The need for cardiologists, in particular, is critical. According to the Hawaii Physician Workforce Assessment conducted by JABSOM, Hawaii currently has only 60 percent of the cardiologists needed to care for Hawaii residents.

Half of the state’s practicing cardiologists will reach retirement age within the next eight years, leaving the field at a time when more of our state’s aging population will need cardiovascular care.

“The Queen’s Medical Center extends our warmest appreciation to Ms. Pyle for her support and generous investment in the University of Hawaii to create the Judith Dion Pyle Endowed Fund for the Robert Hong, MD Professorship in the Cardiovascular Disease Fellowship Program,” said Arthur Ushijima, president of The Queen’s Medical Center. “We would also like to congratulate Dr. Hong on this extraordinary achievement and wonderful honor.”

Private philanthropic support continues to play a major role in helping JABSOM attract accomplished academic clinicians. To this end, The Queen’s Medical Center is continuing its financial support of the program to ensure its growth and success.

Judith Dion Pyle is currently the president of Judith Dion Pyle & Associates, LLC, located in Middleton, Wisc., a family office serving as her financial service company managing trusts, personal and business interests.

Pyle previously held the position of vice chairman of the board of directors of The Pyle Group, LLC, a Madison, Wisc. financial services company that oversees small and medium sized companies, which it has purchased or in which it has made investments.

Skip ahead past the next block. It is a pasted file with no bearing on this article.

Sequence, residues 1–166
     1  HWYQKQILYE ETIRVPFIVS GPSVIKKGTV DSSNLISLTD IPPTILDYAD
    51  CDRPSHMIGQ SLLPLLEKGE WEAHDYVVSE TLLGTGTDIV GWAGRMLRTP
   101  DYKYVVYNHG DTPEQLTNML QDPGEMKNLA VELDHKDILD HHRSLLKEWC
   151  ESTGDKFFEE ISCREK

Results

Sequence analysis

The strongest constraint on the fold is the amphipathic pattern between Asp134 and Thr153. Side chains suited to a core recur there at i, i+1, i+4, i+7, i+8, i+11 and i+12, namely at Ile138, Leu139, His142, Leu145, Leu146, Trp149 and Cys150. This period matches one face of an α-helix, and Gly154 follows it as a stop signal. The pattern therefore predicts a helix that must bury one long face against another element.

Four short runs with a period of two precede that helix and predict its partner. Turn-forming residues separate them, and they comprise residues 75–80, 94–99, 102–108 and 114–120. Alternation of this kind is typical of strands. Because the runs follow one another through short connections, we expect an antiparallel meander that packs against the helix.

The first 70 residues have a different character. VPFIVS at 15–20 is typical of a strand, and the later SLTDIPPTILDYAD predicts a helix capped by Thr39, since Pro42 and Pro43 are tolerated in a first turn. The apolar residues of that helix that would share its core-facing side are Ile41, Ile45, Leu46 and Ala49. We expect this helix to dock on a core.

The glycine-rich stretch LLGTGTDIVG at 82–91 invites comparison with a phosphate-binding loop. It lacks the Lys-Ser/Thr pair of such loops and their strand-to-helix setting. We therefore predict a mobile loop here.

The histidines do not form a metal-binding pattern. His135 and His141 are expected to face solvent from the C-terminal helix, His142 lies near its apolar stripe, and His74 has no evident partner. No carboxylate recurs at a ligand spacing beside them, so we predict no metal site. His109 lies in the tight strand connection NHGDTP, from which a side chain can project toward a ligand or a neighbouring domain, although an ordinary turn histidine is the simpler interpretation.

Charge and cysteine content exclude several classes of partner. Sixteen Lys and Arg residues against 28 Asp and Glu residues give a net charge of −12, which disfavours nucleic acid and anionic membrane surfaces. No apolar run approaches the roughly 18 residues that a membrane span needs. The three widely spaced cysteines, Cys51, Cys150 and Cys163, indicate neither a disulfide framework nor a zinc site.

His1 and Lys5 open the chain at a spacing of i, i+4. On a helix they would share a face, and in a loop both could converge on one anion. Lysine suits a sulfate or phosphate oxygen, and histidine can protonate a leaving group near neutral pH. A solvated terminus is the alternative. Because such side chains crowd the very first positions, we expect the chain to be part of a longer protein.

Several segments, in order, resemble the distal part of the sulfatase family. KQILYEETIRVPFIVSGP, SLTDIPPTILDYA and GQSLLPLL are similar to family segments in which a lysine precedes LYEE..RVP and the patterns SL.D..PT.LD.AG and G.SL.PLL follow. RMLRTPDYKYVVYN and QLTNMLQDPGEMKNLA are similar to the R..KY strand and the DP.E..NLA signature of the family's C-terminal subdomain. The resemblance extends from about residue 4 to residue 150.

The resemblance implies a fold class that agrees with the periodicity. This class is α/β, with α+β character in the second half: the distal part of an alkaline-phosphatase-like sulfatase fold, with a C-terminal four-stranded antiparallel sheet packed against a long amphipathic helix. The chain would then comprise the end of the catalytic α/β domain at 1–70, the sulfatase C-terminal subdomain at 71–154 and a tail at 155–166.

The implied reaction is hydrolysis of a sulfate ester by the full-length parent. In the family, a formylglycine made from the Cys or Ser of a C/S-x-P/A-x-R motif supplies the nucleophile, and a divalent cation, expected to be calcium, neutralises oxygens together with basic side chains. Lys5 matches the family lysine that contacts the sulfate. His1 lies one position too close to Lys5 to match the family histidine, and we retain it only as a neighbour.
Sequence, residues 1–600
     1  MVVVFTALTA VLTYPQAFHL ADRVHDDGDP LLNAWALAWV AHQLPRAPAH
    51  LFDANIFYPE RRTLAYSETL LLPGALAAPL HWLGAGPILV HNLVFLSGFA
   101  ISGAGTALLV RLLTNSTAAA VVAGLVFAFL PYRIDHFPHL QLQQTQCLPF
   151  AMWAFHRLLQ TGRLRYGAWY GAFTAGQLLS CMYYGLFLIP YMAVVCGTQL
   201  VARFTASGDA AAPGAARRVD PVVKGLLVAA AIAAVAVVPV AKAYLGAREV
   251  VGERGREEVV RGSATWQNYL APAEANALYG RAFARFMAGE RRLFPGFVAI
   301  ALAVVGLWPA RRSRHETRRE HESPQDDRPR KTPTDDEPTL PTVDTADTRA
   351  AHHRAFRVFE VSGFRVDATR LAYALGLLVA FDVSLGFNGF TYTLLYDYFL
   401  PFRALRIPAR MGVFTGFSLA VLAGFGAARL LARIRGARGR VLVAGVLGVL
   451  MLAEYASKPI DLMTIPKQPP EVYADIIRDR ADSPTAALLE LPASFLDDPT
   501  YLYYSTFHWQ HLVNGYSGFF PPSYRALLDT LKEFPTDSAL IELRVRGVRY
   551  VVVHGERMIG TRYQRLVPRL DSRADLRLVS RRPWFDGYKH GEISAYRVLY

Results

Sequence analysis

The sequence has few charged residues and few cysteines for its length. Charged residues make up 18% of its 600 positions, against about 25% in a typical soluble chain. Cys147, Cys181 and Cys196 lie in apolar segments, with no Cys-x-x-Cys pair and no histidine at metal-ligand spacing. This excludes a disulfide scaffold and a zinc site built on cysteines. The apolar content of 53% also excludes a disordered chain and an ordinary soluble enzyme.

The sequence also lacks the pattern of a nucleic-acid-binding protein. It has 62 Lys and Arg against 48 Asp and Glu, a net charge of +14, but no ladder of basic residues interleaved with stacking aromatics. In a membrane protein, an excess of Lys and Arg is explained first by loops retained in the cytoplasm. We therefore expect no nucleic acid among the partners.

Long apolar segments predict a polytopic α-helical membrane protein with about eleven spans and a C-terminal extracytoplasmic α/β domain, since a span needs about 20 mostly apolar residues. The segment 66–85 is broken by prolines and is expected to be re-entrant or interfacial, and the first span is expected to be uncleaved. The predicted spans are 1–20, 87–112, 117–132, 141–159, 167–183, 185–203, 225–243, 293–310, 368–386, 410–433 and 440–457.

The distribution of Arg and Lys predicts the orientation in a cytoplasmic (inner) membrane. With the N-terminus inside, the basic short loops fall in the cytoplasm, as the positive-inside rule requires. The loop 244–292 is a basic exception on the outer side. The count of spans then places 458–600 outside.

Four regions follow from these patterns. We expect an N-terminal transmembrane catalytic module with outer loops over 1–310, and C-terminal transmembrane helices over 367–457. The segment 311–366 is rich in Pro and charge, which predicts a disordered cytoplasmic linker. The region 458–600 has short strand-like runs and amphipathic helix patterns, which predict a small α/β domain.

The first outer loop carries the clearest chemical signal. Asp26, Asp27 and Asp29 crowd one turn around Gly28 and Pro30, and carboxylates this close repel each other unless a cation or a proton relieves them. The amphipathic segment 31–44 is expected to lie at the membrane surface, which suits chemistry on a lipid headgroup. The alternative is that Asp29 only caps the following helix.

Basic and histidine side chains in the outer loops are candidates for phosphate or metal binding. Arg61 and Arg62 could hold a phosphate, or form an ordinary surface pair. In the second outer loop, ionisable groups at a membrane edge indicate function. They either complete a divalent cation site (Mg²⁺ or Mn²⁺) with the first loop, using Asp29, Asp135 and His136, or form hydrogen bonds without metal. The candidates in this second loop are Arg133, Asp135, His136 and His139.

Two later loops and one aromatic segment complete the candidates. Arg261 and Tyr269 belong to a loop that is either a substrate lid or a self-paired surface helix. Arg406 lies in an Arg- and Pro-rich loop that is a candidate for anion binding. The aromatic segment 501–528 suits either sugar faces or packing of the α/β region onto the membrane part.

Pyle currently serves as a board member or a trustee of several private and public companies and many foundations, arts and philanthropic organizations including the University of Hawaii Foundation.

The University of Hawaii Foundation, a nonprofit organization, raises private funds to support the University of Hawaii System. The mission of the University of Hawaii Foundation is to unite donors’ passions with the University of Hawaii’s aspirations by raising philanthropic support and managing private investments to benefit UH, the people of Hawaii and our future generations.

The John A. Burns School of Medicine (JABSOM), UH Manoa was named for a visionary governor. Nearly half of the physicians practicing in Hawaii are graduates of JABSOM, its affiliated residency programs, or serve on JABSOM’s faculty.

JABSOM also trains Biomedical Scientists and Public Health, Communications Sciences and Medical Technology Professionals.

The Queen’s Medical Center is a 501 (c) (3) non-profit corporation, acute care medical facility accredited by The Joint Commission. The facility houses 505 acute beds and 28 sub-acute beds and is widely known for its programs in cancer, cardiovascular disease, neuroscience, orthopaedics, surgery, emergency medicine and trauma, and behavioral medicine.

Queen’s is home to a number of residency programs offered in conjunction with the John A. Burns School of Medicine at the University of Hawaii. Queen’s has achieved Magnet status – the highest institutional honor for hospital excellence – from the American Nurses Credentialing Center. Magnet recognition is held by six percent of hospitals in the United States. Queen’s is the first hospital in Hawaii to achieve Magnet status.

— Find out more:
www.uhfoundation.org
http:// jabsom.hawaii.edu